But I couldn’t be serious about this. I stopped being serious about it the second I heard about it. Which was probably when I was around seven or eight—some of my earlier memories of when my flamboyant and glamorous aunt would come to visit. She was the stuff of bewitching silver screen cinema. She was part movie star mixed with Romanian gypsy sprinkled with the hand gestures of a crystal ball gazing oracle.
She walked in a cloud of perfumed smoke from her long, slim, brown cigarettes. Her clothes were as vibrant and flowy as a clothesline behind the United Nations on flag washing day. Her voice was hypnotic and breathy, or like a fishing line that lured you right up to her magnetic gaze. And once she had you hooked, you were paralyzed.
Until she’d say something like, You’re an old soul that has lived a thousand lives and has been rebirthed to do some sacred and venerable deed. You know you’re an angel, right?
*insert record scratch here
“Okay, this has been fun,” I’d say as I’d get up and back away slowly from the kitchen table and then realize, once back in my bedroom, that all the quarters from my little coin purse that attached to my wrist were now missing.
She was good.
“Mom,” I said, taking my hand off the steering wheel and resting it on her arm. “Try not to worry. What’s a little ghost visit? Every time I’ve heard any one of the old aunties talking about these weird ancestral ‘on their way to the grave’ stopovers, none of them have said that they were freaked out by the ghosts, right?”
“No. I don’t care what anyone else has said. Whenever someone dies, the first thing I do is pray they don’t come visit me. And then I say it out loud several times. Just to make sure they hear. I don’t want the visits. No ghosts. Period. I think I’d die of fright right then and there if Marci’s ghost suddenly appeared.”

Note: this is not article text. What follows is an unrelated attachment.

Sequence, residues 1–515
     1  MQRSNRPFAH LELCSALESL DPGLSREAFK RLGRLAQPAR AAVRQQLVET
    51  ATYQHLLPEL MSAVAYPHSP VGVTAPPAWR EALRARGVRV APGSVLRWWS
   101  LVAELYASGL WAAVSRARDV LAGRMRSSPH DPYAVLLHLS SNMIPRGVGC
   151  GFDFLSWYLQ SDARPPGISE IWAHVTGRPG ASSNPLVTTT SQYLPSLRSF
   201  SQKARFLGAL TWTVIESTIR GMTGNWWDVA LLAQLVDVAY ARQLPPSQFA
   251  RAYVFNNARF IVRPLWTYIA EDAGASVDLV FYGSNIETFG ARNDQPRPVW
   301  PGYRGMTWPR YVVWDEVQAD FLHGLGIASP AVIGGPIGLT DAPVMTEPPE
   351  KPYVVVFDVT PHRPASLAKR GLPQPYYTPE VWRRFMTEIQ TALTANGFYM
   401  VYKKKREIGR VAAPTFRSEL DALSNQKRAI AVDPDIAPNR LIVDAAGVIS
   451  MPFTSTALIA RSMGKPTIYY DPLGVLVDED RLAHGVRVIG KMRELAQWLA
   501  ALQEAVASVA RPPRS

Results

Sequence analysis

I nodded my head. “If it would help, I’ll come sleep on the floor in your bedroom tonight. And I’ll keep the gravy boat right by my side.”
She looked at me like I’d just suggested we both slip into some leopard print leggings and see if we couldn’t hitchhike our way to the nearest trucker stop for some fun.
“And what help would the gravy boat provide?”
“Oh that,” I waved off innocently. “Well, it’s symbolic really. You know—it’d be a reminder to the ghost of Aunt Marci that it’s a boat. And boats signal you’re on some journey. Like crossing from one side of something to another. And that she’s supposed to continue hers and not stop off at your bedpost to chew the fat.” I shrugged. “Plus, if you do die of fright, at least you can rest in the afterlife knowing that the gravy boat is in good hands and where you intended it to be.”
The look on her face suggested I missed the boat on the opportunity to comfort her through this whole conversation.
I looked out to find a sympathetic face from any of the passing timber one last time. I wonder if I’d improve my chances of one day getting that gravy boat if I told her that she was being driven to her doctor’s appointment by a celestial seraphim.
At least I wasn’t a ghost.